Howard, Earl Dean, 1876-1956
Earl Dean Howard, Professor of Sociology and Economics at Northwestern University from 1907 to 1941, was born in Fayette, Ohio in 1876. His research interests included industrial progress in contemporary Germany, banking and labor agreements. In addition to academics, Howard worked for Hart, Schaffner & Marx as a Labor Manager and Vice President, as well as serving as the City of Chicago's Labor Director and Mediator and the Deputy Administrator of the NRA under Roosevelt. Howard died in 1956.
Educated at local public schools, he attended the Fayette Normal University from 1891 to 1893. Howard came to Chicago with his family and was employed as a salesman at his father's lumber company, during which time he traveled throughout the Midwest selling lumber and writing occasional articles for the Chicago Tribune. Howard was admitted to the University of Chicago in the spring of 1897. Studying German, Finance and Economics, he earned a PhB in 1902, a PhM in 1903 and a PhD in 1905. In 1900, Howard founded the Daily Maroon, the first daily newspaper at the University of Chicago.
In 1904-1905, on a fellowship from the University of Chicago, Howard went to Germany where he attended the University of Berlin. It was there that he completed his thesis requirement for the PhD. His thesis, “The Cause and Extent of the Recent Industrial Progress of Germany,” later won the first Hart, Schaffner and Marx Prize ($600) for an essay in economics. Houghton, Mifflin published his thesis in 1907. Upon his return from Germany in 1905 Howard accepted an appointment as Instructor of Banking and Economics at the Wharton School of Finance of the University of Pennsylvania. He remained at Wharton until 1907. In 1907 he met Margaret Allen, who he married on June 19, 1907.
Returning to Chicago in 1907, Howard was appointed Assistant Professor of Economics at Northwestern University. In 1915 he was appointed Professor of Sociology and Economics, a position he held until his retirement in 1941.
While at Northwestern, Howard also held positions as Labor Manager and Vice President and Director of Hart, Schaffner & Marx –a large, prominent Chicago men's clothing firm. He held these positions from 1911 to 1932. Along with Sidney Hillman, President of the Amalgamated Clothing Workers of America, Howard was instrumental in negotiating a labor agreement between Hart, Schaffner and Marx and the ACWA during the ACWA strike in 1910 and 1911. He and Hillman became life-long friends. In 1922 Howard took an extended tour of Europe culminating with a visit to the Soviet Union with Hillman and other labor union members from the United States. While in Moscow and Petrograd they met with Soviet labor leaders and the Minister of Trade and visited clothing and textile factories.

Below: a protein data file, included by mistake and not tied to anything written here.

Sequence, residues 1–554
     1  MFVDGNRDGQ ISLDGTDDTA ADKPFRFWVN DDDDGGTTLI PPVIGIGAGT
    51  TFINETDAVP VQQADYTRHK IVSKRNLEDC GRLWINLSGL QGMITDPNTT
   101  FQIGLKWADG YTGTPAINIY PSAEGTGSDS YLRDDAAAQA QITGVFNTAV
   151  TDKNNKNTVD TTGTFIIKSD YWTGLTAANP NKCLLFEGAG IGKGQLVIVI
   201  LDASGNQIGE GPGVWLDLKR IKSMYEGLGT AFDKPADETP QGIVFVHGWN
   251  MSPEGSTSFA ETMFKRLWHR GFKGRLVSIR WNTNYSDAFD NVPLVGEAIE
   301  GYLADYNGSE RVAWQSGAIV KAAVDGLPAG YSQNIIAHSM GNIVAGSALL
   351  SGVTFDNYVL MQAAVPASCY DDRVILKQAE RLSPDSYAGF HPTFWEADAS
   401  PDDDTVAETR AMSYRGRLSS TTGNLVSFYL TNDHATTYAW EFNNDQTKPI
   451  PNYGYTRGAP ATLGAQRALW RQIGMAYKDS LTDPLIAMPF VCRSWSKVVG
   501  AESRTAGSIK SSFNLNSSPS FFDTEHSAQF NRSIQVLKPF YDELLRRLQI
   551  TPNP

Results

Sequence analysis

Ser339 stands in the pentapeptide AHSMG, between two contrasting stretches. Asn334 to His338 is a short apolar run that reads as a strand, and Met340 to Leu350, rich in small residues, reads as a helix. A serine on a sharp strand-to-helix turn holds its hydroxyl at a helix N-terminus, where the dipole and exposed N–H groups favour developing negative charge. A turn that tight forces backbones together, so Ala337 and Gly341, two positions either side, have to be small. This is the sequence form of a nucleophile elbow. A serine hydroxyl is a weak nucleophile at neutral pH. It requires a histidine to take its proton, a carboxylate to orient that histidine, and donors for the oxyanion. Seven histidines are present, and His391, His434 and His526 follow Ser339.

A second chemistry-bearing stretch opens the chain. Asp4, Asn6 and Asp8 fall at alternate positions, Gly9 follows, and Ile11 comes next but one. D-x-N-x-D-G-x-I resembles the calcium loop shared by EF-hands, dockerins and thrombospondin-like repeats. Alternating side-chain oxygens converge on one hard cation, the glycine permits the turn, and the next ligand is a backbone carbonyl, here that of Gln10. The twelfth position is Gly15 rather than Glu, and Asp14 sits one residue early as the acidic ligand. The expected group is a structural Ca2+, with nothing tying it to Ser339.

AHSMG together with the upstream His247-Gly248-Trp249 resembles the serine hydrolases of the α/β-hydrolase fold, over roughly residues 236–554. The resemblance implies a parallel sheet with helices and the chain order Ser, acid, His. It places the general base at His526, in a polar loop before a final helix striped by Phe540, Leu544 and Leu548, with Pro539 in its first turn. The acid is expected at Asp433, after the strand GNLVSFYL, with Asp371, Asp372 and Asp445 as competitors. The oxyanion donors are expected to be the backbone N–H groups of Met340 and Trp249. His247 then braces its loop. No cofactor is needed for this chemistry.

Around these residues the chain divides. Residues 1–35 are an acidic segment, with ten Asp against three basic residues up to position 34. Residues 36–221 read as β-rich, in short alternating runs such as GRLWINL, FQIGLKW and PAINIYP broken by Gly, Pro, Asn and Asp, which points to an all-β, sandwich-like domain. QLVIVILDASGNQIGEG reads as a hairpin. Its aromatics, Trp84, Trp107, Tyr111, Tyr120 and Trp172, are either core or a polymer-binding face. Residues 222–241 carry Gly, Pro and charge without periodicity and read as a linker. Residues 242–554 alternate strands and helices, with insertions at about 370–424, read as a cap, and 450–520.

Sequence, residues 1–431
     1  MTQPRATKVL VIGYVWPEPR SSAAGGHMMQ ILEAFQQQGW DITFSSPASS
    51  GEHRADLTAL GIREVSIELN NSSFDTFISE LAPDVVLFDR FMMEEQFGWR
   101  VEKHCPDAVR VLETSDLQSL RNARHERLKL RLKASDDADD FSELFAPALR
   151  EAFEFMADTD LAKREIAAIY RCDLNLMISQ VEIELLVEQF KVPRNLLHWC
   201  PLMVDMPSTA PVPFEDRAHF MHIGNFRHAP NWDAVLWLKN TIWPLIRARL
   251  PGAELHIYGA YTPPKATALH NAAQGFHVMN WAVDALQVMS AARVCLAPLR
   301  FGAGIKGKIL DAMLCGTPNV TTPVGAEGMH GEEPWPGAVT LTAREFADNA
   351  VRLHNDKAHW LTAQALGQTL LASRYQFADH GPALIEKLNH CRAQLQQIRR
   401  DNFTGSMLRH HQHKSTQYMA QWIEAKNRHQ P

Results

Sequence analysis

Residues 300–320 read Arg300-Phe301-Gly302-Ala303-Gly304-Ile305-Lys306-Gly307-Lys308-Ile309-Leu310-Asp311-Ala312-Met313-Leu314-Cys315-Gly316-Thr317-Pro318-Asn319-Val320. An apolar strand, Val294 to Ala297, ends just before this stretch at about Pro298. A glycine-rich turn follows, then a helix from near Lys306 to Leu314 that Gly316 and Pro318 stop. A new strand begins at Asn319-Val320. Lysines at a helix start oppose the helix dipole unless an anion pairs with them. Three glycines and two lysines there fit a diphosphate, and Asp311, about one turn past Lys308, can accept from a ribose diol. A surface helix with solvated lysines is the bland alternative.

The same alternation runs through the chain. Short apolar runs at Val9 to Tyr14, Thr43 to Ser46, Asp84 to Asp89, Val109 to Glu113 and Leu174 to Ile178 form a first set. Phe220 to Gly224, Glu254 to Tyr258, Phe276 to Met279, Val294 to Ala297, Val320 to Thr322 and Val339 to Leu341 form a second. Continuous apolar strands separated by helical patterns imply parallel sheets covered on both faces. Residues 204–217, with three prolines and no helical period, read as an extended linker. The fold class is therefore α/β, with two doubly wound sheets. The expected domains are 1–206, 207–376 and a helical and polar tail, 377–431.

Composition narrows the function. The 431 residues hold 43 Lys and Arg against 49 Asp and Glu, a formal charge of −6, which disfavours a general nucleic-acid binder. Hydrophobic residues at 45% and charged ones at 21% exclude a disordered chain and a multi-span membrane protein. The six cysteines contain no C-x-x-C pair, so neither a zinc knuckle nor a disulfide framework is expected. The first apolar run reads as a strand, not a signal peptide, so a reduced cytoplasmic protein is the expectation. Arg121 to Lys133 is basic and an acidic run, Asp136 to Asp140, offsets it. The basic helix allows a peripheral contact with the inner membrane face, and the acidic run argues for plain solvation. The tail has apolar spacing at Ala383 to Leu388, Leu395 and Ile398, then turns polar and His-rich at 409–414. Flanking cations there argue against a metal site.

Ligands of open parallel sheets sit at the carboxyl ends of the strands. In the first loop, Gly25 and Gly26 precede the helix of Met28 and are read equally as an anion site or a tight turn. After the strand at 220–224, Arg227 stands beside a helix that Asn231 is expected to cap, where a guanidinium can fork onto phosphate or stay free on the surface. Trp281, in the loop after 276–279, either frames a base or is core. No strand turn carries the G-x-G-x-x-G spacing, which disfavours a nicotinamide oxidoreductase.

In addition to his appointments at Northwestern and work at Hart, Schaffner & Marx, Howard held visiting lectureships at Harvard (1920-1922) and Stanford (1931). He also served as a Fuel Administrator for the State of Illinois during 1917-1918, and as Deputy Administrator of the NRA in the Roosevelt administration. Under Mayor Edward Kelly, Howard became Labor Director and Mediator for the City of Chicago (1941-1944) and served also as Chicago Area Rent Director during 1941-1942.
Howard returned to the Northwestern faculty after World War II and also served on the faculty of the John Marshall Law School before his retirement. Howard's publications include: The Cause and Extent of the Recent Industrial Progress of Germany (1907), Money and Banking:
A Discussion of the Principles of Money and Credit (in collaboration with Joseph French Johnson, ca. 1910), The Hart, Schaffner & Marx Labor Agreement: Industrial Law in the Clothing Industry (1920), Developing Intelligence by the Socratic Method (1923), and Society Tomorrow (with others, 1929).
Found in 2 Collections and/or Records:
Frederick Shipp Deibler (1876-1961) Papers
The Frederick Shipp Deibler Papers, comprising five and one-half boxes, consist principally of general correspondence and subject files, plus a small amount of biographical material. The Papers provide a rich documentary record of Deibler's academic career, his role as an economic advisor to several government boards and his participation in activities related to some of the major social issues of his time.
Earl Dean Howard (1876-1956) Papers
The Earl Dean Howard Papers document Howard's life as an educator and authority on labor-management relations. The Papers span the period from 1896 to ca. 1978 and are arranged in four subseries including: biographical materials, general correspondence, journals and scrapbooks, and writings.